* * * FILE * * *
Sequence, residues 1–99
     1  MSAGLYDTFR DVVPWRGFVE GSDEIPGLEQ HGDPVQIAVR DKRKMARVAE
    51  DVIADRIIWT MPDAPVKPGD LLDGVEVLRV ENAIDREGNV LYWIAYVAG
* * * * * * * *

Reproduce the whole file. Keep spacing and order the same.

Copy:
Sequence, residues 1–99
     1  MSAGLYDTFR DVVPWRGFVE GSDEIPGLEQ HGDPVQIAVR DKRKMARVAE
    51  DVIADRIIWT MPDAPVKPGD LLDGVEVLRV ENAIDREGNV LYWIAYVAG